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Laws Passed in '70s Credited With Decline in Rate of Abuse
By
David Gibson
Source: Catholic News Service
Published: Monday, June 6, 2011
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Teresa M. Kettelkamp gives an interview in Rome June 2.
WASHINGTON (CNS)—The head of the U.S. bishops' Secretariat of Child and Youth Protection credited the passage of laws in the 1970s to protect women and children with leading to a decline in child sexual abuse.

"I think the laws in the '70s dealing with domestic violence ... brought in a new respect for women and children. We were seeing the residual effects in the '70s and '80s," said Teresa Kettelkamp in a recent interview with Catholic News Service.

"More rape crisis centers came into operation," she continued. "As laws changed, the sensitivity to discussing these issues was still there, but people were talking about them. And it was no longer OK to harm children or beat your wife."

The number of child sexual abuse incidents in the United States has declined over time, according to several studies, and that decrease corresponds with a drop in reported cases perpetrated by priests. The studies also indicate that other forms of child abuse also have dropped.

The first study to report lower numbers of child sexual abuse was published in 2001, according to Lisa Jones of the Crimes Against Children Research Center at the University of New Hampshire.

According to Jones, who held a webinar earlier this year on child abuse and neglect trends, the number of abuse reports had gone down 61 percent between 1992-2009. "The most significant parts of the decline happened in the 1990s, but continued through the 2000s," Jones said during a webinar.

The numbers come from the National Child Abuse and Neglect Data System, which reports substantiated cases of sexual abuse and other forms of child maltreatment.

Those figures are mirrored somewhat in the John Jay report commissioned by the U.S. bishops and issued May 18.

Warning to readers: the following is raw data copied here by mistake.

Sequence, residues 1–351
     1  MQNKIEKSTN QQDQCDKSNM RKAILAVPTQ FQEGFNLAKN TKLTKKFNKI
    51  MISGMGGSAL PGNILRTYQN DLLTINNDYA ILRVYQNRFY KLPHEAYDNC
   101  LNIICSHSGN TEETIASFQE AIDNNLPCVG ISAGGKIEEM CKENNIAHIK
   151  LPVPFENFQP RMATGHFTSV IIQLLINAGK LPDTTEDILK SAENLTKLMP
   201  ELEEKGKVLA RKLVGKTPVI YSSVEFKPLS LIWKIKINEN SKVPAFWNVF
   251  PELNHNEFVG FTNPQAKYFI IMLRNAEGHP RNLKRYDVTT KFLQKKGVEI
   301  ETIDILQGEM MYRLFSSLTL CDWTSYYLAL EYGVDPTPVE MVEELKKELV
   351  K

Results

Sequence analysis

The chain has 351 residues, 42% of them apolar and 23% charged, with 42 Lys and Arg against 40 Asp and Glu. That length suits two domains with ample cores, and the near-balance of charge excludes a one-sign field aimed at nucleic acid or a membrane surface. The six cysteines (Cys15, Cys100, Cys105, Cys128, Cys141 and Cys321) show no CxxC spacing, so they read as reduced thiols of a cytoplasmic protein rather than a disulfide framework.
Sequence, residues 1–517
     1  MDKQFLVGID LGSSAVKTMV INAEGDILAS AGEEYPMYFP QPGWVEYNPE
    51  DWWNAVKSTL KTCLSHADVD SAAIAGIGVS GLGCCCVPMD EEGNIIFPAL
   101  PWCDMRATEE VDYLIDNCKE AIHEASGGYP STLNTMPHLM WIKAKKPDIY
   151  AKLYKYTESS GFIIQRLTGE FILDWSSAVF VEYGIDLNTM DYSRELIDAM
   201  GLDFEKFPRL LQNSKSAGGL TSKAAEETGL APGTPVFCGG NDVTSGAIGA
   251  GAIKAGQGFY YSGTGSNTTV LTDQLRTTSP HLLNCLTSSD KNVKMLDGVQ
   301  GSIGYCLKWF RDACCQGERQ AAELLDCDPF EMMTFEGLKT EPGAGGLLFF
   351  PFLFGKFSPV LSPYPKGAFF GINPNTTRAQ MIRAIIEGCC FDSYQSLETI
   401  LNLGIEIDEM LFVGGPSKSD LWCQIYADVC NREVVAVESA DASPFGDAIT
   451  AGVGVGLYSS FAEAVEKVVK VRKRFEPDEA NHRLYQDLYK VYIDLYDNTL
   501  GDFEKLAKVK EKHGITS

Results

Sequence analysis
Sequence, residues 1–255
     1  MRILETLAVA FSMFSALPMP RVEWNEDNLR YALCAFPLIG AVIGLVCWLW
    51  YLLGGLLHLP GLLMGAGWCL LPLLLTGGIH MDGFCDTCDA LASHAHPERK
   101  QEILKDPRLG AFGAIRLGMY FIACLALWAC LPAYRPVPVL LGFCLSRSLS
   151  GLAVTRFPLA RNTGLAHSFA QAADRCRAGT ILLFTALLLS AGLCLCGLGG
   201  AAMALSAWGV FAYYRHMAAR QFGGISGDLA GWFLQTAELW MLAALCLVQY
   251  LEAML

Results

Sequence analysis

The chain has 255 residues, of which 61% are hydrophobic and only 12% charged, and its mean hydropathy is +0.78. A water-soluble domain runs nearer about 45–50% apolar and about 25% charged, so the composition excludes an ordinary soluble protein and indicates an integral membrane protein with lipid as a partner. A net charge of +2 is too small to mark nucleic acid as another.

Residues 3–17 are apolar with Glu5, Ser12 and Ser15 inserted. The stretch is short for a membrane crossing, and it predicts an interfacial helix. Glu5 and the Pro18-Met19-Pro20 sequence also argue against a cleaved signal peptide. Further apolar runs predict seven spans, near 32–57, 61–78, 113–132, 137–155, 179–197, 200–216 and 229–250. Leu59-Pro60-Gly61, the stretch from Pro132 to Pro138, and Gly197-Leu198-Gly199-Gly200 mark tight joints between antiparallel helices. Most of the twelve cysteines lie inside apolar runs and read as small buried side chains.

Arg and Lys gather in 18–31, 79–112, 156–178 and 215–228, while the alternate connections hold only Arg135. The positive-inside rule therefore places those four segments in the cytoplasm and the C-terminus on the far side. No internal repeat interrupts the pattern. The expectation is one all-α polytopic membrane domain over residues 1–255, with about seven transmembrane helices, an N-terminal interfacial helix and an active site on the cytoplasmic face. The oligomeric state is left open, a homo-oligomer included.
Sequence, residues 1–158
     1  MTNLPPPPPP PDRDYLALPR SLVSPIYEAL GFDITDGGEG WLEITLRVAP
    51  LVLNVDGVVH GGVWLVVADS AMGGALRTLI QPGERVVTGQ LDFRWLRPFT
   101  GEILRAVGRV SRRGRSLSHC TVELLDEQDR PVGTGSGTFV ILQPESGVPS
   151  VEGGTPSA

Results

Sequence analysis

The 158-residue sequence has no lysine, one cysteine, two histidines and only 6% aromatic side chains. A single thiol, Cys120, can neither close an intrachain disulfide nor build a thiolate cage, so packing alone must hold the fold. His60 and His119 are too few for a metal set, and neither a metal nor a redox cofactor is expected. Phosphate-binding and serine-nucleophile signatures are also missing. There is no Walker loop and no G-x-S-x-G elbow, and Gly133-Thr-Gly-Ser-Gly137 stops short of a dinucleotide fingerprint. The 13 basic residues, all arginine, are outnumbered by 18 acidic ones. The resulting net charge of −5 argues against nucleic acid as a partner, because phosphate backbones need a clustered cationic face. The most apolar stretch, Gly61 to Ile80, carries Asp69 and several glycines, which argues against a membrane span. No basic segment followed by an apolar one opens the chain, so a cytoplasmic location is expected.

Kettelkamp noted that "it takes time" for a law to work its way through the various institutions of society—into policies and procedures of agencies that have to carry the law out.

Until about the '70s, the country had laws protecting animals on the books, but not laws protecting children, she said.

There was even a time when adoptions were handled in probate court, not family court, she said, which basically said that the child someone wanted to adopt was property and didn't "have the rights of a human being."

Federal involvement in addressing the problems of child abuse and neglect dates from 1935, when the Social Security Act first funded public welfare services "for the protection and care of homeless, dependent and neglected children and children in danger of becoming delinquents."

But it was not until the mid-1960s that the first state laws were enacted that mandated suspected cases of child abuse and neglect be reported to public agencies. By 1967 all states had enacted such mandatory reporting laws.

In an answer to the public's growing concerns about the extent of child abuse and neglect across the country, the federal Child Abuse Prevention and Treatment Act was signed into law in early 1974. It has been reauthorized several times since then. Among other things, it provides states with funding for the investigation and prevention of child maltreatment.

Also in 1974, the federal government created the National Center on Child Abuse and Neglect to serve as an information clearinghouse.

"One thing the church has been so good at doing is advocating the rights and dignity of the human person," she added.

But she added, "We would never hurt a child if we really believed (the child) was created in God's image and likeness."


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